I stepped behind April and draped my arms over her shoulders as she slouched at the vanity in her sister’s bedroom. April’s hands trembled while she covered her face to muffle the sobs. I leaned over and kissed her salty cheek. “Calm down, will you?”
She acted like she didn’t hear.
My lips tightened. “We’ve gotta talk. Will you stop crying to help me figure out what to do?”
She nuzzled my hand and kissed it. Her crying melted my heart like an icicle in the summer’s heat.
Cuss her family. They had no right to lock the bedroom door and treat us like this.
My fingers eased into April’s knotted shoulders. At the same time, I envisioned my fists thrashing her brother into a bloody heap. “Honey, I don’t want to be here either.”
Her weeping didn’t cease.
I sighed, picked up a brush, and passed it through her hair. Her black silken tresses tumbled almost to her waist. Since the early teens, her hair had been a crowning glory. When we’d made love, I intertwined my fingers in her black strands of silk. Then she would kiss me and whisper, “I love when you do that.”
April’s crying softened with each stroke.
“Honey, I’m sorry. This shouldn’t have happened.” But it had happened; no thanks to her brother. My hand tightened around the handle. I closed my eyes. The day’s earlier scenes wouldn’t fade. “Why is your family so pigheaded? Can’t they understand?”
April daubed her eyes and smeared eyeliner down her cheek. Her lips pinched into a thin line. “My folks have always been stubborn.”
During the earlier altercation, she’d taken the brunt of her father’s tirade, wincing with each word as if sliced by a razor. But it was her brother whom I would never forgive. He started this ruckus, and for him it was a joke.
I flexed my fist. If I had my druthers he’d never smile again, or at least be sporting a toothless smirk from which his mother would shrink away.
From my perspective, her family had maligned us, yet her father’s words cut April deep. But was she torn between him and me? “What about the things your dad said?”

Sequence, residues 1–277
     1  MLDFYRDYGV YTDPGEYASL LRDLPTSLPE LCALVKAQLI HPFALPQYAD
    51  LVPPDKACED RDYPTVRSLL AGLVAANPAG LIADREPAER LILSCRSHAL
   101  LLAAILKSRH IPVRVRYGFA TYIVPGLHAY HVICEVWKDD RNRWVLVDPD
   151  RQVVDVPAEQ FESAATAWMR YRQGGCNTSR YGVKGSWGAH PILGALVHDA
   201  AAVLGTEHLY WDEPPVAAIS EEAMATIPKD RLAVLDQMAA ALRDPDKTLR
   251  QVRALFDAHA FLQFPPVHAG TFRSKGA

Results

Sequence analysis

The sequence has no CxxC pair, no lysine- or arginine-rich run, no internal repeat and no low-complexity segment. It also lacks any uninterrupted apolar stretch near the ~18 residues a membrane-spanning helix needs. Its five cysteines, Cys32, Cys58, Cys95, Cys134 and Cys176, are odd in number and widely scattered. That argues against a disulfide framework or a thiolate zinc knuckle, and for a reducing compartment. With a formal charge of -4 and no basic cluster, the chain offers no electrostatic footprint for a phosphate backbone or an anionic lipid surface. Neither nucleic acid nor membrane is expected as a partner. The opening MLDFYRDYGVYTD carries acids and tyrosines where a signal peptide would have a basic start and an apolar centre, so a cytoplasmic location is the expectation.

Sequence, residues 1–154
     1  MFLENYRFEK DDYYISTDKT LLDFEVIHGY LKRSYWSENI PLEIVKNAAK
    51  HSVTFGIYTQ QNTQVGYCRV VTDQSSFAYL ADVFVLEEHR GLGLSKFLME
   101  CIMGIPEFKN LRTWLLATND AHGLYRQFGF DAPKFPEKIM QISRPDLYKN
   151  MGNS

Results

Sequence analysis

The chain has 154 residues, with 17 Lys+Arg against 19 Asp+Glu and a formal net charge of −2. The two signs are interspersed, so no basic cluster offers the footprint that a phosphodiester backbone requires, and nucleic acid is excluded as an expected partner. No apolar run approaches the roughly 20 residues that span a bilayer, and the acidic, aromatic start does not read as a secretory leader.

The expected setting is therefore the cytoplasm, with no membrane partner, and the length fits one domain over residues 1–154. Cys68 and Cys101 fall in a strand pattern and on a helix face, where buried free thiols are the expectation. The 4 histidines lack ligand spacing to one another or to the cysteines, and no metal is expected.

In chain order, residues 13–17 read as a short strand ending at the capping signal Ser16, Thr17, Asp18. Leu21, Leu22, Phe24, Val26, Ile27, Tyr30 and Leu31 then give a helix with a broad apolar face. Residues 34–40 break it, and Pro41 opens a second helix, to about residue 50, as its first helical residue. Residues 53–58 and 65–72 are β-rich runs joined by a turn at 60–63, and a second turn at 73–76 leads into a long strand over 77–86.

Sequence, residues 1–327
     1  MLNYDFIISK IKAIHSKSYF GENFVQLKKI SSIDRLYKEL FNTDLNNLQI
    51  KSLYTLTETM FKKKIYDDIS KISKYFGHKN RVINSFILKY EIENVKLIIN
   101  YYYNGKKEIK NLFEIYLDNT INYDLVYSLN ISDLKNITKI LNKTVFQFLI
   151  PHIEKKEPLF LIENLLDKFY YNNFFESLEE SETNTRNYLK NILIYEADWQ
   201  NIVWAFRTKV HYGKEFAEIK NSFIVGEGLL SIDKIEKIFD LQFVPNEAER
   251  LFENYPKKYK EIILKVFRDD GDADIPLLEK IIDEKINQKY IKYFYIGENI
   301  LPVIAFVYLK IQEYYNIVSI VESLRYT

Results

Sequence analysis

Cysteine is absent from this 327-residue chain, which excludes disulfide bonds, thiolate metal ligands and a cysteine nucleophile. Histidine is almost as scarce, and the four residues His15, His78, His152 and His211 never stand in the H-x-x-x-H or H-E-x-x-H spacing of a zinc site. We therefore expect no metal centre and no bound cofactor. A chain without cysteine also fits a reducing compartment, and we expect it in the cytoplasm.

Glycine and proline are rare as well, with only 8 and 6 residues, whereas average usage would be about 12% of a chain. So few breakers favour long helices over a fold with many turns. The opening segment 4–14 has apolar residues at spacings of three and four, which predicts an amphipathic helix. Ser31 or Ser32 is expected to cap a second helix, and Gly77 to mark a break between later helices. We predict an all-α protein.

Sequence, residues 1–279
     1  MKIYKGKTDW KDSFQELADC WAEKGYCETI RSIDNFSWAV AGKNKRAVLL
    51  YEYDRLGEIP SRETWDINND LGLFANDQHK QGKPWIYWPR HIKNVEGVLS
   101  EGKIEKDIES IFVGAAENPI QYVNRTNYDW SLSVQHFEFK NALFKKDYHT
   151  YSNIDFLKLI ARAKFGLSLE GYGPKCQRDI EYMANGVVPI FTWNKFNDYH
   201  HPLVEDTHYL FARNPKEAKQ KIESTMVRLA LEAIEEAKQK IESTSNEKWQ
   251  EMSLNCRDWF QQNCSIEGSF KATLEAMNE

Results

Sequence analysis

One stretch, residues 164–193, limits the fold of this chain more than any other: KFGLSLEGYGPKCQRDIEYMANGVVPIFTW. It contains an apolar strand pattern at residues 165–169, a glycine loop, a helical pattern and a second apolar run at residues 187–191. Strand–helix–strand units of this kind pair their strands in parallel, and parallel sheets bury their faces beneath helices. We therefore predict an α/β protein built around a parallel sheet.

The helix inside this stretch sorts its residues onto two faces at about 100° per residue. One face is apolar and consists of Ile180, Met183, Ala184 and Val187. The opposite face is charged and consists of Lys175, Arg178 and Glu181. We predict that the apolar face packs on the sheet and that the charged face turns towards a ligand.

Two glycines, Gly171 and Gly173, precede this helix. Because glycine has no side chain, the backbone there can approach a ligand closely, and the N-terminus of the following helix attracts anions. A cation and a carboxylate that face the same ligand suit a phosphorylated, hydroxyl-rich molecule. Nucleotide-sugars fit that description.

April’s face darkened in the mirror. “Pa’s hateful. He don’t forgive.” She hesitated. “You’re not sorry about the trip, are you?” She gazed at my reflection, probably trying to ascertain if I had doubts.
I took a moment to consider the past several months, then smiled. “Wouldn’t have missed it for anything. It was your idea. Remember?”
She nodded and a shine appeared in her eyes.
It seemed silly at that time. I’d taken April to the cinema for the grand opening of Gone With the Wind. The travel reel before the main attraction had snagged her attention, like reeling in a trout, as it displayed the panoramic beauty of the western U.S.
After we left the movie theater April bounced up and down like an eight-year-old school girl. “Let’s go. Let’s drive west. Can we please?”
I laughed aloud. “Why do you want to travel like a gypsy?”
“It’d be fun. Planned trips are boring. We could go from town to town, stop when we want, and get a job whenever. Could we, please?” April held her chin low, her eyebrows raised, and her head cocked. She knew how to melt my heart.
Her persistence paid off. I relented. Our journey would be like an extended holiday.
April quit her job, and I left the university with plans to resume my studies once we returned. Funds weren’t an immediate problem because of money from my parent’s estate.
At first, we played tourist by visiting the historical spots. Occasionally we found work which permitted us to interact with the local community. Following a short stay at one town, we moved to the next. But it was April’s knack for encouraging folks to reveal known details about the area’s local history. All of this had kept our journals filled.
Most of the time we slept in third rate motels, but once in a while we befriended a citizen who provided us with two or three weeks’ lodgings until we resumed our travels.